The U.S. Navy has doubled to eight the number of counter-mine ships in the Persian Gulf region, according to the service.
Chief of Naval Operations Admiral Jonathan Greenert disclosed the plan in March at a congressional hearing. The added vessels are the USS Sentry, Devastator, Pioneer and Warrior.
Some Iranian officials had threatened earlier this year to close the Strait of Hormuz, transit point for one-fifth of the oil traded worldwide, in response to international sanctions over its nuclear program. The threats have subsided since then.
Greenert said today that encounters with units of the regular Iranian Navy and with the Iranian Revolutionary Guard Corps in charge of Strait of Hormuz security have been calm “in the last couple of months.”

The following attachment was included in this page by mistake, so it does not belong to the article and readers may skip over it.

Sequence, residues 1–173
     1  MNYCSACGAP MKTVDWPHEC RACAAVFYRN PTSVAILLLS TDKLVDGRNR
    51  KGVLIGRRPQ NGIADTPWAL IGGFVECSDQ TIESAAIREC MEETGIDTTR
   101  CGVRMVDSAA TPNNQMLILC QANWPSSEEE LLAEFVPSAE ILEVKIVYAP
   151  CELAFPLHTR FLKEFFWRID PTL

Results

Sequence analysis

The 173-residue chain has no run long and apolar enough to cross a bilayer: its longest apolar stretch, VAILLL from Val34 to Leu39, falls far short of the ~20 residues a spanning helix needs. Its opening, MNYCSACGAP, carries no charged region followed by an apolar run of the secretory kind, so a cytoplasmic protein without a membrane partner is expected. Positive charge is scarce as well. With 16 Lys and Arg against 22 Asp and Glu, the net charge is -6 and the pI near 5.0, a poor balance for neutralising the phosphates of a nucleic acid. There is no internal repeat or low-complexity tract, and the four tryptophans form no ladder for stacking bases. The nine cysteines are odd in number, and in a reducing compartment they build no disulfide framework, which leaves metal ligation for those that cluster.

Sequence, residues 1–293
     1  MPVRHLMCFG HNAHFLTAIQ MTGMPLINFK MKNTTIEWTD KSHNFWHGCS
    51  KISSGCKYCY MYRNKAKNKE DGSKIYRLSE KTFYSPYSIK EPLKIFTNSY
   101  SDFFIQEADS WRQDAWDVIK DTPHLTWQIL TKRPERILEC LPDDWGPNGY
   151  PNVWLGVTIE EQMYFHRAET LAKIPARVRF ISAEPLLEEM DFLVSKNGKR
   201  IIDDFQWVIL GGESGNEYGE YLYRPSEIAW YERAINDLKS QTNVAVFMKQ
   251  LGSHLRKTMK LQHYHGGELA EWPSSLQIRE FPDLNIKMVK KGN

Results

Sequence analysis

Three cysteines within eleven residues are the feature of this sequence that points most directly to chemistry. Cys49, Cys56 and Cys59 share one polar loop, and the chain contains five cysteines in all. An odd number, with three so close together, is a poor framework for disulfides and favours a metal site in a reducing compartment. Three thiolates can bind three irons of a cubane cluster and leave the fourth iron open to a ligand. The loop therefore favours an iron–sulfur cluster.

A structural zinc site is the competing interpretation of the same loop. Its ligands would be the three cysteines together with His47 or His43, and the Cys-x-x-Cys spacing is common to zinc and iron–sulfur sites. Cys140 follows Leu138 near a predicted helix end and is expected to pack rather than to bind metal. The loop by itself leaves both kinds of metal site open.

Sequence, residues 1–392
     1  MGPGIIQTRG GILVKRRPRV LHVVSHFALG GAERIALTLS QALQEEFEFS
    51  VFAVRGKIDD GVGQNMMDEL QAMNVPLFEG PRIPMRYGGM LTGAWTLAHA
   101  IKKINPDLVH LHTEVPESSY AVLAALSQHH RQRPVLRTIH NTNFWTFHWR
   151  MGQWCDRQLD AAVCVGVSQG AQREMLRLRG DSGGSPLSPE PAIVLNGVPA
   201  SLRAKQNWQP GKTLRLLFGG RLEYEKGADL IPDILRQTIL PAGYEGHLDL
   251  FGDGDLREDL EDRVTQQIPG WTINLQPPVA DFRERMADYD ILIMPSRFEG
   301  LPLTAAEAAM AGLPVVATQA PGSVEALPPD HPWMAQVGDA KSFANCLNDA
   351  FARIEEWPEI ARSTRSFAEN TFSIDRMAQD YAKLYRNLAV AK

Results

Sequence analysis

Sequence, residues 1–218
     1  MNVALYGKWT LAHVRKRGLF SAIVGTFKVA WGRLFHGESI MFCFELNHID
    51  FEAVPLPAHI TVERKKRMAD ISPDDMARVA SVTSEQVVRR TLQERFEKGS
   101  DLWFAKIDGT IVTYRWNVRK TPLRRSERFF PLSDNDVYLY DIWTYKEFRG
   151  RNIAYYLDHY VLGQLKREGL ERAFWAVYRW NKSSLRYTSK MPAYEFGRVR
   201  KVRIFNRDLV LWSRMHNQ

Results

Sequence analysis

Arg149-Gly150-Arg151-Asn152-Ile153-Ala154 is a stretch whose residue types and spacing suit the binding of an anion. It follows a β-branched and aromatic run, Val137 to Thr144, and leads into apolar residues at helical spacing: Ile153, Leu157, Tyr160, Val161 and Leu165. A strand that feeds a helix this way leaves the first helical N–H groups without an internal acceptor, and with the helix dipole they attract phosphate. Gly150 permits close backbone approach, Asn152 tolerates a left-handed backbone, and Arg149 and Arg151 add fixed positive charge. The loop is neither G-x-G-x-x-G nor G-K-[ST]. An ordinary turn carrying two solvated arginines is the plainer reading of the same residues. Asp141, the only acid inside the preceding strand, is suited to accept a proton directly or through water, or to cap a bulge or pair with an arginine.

“Things have been, relatively speaking, quiet,” Greenert told reporters in a briefing at the Pentagon. Iranian naval conduct has been “professional and courteous, committing to the rules of the road,” he said.
Mines in the Strait could prompt insurance companies to raise rates on tankers utilizing the waterway, which in turn could lead at least temporarily to higher oil prices.
U.S. officials who follow Iran for the U.S. Central Command estimated in 2008 that Iran possessed as many as 5,000 mines. That compares with 1,000 mines in the 1980s during its conflict with Iraq and the “tanker war” with the West, when it attempted to block vessels.
Greenert also outlined today Navy plans for a gradual increase in forces to the Pacific as part of the “re-balance” toward Asia and also for the Gulf region.
The U.S. has 25 vessels in the Gulf today. That number will grow to 34 by 2017 and stay at that level through 2020, according to the Navy.
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